And why it stops growing...
George Clooney may be able to pull it off, but for most people grey hair
is just an unwelcome sign of ageing.
Now a new study has shed light on why hair turns grey, paving the way for

potential treatments which could help hair retain its natural colour.
Researchers at the New York University Langone Medical Centre
think that a breakdown in communication between the stem cells in hair follicles
and melanocyte stem cells may be the cause of hair turning grey.

Melanocytes are the pigment producing cells which give hair its colour,
while follicle stem cells are responsible for the growth of new hair.

"We have known for decades that hair follicle stem cells and pigment-producing
melanocycte cells collaborate to produce coloured hair, but the underlying reasons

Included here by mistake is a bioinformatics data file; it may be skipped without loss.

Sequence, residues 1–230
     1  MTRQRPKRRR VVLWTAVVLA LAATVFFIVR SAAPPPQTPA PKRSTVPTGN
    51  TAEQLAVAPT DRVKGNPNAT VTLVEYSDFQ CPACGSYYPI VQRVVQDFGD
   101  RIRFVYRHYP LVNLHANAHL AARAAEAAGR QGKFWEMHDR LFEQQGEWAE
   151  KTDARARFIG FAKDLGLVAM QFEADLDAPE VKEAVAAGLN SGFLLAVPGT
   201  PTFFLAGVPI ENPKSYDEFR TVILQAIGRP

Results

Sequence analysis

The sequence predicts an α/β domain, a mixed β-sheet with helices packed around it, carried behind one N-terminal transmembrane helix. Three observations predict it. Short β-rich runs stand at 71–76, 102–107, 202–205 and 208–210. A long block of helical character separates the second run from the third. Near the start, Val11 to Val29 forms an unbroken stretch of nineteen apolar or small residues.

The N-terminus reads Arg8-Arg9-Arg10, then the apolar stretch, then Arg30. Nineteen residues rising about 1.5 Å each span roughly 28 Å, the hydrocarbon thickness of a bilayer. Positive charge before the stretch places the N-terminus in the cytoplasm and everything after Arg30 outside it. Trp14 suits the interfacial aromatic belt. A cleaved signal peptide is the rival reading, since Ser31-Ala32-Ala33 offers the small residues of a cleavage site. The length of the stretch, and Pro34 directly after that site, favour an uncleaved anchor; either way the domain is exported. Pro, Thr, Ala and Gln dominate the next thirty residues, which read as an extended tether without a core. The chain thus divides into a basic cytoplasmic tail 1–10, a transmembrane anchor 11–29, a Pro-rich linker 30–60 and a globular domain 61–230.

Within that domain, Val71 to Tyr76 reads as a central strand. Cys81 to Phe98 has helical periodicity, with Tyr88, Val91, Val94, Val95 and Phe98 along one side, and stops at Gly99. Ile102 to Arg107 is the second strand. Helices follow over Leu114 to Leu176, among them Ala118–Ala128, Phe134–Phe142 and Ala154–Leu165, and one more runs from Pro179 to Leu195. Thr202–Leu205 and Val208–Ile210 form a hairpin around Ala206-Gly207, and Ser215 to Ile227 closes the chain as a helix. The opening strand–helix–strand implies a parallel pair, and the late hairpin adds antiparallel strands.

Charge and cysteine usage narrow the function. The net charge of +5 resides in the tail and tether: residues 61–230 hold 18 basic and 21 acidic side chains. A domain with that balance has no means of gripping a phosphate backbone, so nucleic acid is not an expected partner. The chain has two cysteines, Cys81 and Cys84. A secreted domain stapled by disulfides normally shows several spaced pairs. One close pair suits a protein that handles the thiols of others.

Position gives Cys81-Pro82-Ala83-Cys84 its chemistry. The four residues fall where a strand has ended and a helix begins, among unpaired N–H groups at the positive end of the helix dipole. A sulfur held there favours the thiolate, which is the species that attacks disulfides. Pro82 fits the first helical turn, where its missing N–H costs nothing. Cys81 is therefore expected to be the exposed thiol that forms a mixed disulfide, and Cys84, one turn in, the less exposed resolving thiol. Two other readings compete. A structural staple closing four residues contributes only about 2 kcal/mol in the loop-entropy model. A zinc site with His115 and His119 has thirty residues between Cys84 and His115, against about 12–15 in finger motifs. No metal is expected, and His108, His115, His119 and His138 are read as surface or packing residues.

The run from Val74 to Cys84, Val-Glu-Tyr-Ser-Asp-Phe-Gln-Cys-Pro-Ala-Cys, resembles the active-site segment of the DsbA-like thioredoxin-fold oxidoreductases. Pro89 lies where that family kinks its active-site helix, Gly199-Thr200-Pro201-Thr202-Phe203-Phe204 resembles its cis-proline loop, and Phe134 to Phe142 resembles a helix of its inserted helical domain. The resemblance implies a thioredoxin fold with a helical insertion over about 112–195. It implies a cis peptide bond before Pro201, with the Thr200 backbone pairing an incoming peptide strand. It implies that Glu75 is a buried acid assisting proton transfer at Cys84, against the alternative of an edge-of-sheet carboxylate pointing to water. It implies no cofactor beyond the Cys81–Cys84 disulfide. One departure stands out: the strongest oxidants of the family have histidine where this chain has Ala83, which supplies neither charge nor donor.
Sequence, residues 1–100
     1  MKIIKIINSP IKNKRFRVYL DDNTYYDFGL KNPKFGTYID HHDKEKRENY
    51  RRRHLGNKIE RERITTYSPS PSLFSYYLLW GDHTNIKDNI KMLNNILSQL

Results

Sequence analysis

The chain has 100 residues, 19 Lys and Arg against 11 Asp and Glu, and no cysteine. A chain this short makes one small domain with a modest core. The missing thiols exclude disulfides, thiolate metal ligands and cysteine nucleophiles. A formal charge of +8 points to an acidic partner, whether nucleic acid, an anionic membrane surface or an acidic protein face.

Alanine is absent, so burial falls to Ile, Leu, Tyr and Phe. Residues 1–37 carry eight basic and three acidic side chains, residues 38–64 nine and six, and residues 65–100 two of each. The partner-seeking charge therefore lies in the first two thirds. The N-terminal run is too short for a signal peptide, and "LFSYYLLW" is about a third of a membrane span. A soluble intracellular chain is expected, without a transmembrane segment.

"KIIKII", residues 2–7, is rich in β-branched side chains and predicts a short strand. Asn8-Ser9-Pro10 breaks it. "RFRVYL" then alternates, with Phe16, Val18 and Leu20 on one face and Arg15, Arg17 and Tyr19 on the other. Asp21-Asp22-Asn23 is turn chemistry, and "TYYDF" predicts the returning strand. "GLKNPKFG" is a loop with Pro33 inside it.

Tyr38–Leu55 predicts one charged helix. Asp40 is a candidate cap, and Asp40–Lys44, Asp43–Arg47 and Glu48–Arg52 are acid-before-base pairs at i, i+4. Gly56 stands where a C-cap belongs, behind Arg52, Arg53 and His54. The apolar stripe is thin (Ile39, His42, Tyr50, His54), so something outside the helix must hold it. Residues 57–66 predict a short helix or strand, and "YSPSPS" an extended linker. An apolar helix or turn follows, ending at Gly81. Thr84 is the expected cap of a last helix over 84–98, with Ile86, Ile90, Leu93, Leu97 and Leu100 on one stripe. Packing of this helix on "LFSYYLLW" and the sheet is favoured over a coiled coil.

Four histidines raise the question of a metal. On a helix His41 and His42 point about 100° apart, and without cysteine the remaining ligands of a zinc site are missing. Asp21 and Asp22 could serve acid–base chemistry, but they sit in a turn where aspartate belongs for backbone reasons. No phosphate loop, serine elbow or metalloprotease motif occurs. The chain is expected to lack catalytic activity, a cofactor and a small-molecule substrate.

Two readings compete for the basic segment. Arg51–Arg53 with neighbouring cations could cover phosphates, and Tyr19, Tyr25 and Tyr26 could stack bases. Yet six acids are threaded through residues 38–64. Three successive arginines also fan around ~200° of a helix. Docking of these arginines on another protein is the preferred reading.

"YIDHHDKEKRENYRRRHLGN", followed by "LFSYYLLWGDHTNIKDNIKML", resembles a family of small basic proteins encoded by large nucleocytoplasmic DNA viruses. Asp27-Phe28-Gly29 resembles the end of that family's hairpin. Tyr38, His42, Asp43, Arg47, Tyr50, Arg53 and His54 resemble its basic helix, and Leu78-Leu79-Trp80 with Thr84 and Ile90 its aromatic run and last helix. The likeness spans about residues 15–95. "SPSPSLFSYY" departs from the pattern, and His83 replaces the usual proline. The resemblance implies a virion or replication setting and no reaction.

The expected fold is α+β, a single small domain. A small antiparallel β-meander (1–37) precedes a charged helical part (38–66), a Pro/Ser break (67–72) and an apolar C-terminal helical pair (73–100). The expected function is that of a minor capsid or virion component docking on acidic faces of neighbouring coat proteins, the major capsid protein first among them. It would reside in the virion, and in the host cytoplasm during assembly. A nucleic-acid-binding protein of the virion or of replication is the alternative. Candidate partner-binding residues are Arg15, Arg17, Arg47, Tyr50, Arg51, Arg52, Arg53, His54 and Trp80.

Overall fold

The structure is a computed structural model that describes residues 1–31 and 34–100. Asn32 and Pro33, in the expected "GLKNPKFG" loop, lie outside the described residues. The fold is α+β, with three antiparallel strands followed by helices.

were unknown," said Dr. Mayumi Ito, who led the study.

The scientists used a mouse model to examine how the follicle cells and
melanocytes work together to generate hair growth and produce hair colour.

They identified a signalling pathway - known as Wnt - which follicle cells use to send
instructions to, and activate stem cell melanocytes.
Once they receive the Wnt signal, the melanocytes start producing
pigment which gives hair its colour.

Inhibiting Wnt signalling in hair follicle stem cells inhibited both hair re-growth and
prevented melanocyte stem cell activation leading to depigmented or grey hair in mice.

The study findings suggest that manipulating the Wnt signalling pathway may help
prevent hair turning grey and even prevent hair thinning.

If scientists managed to achieve this in humans, it would be welcome news to the many men
and women of a certain age who spend a small fortune on hair colouring.

The research also provides insight into diseases in which melanocytes are lost,
or grow uncontrollably as in the deadly type of skin cancer, melanoma.

The study is published in the journal Cell.

Sumathi Srini

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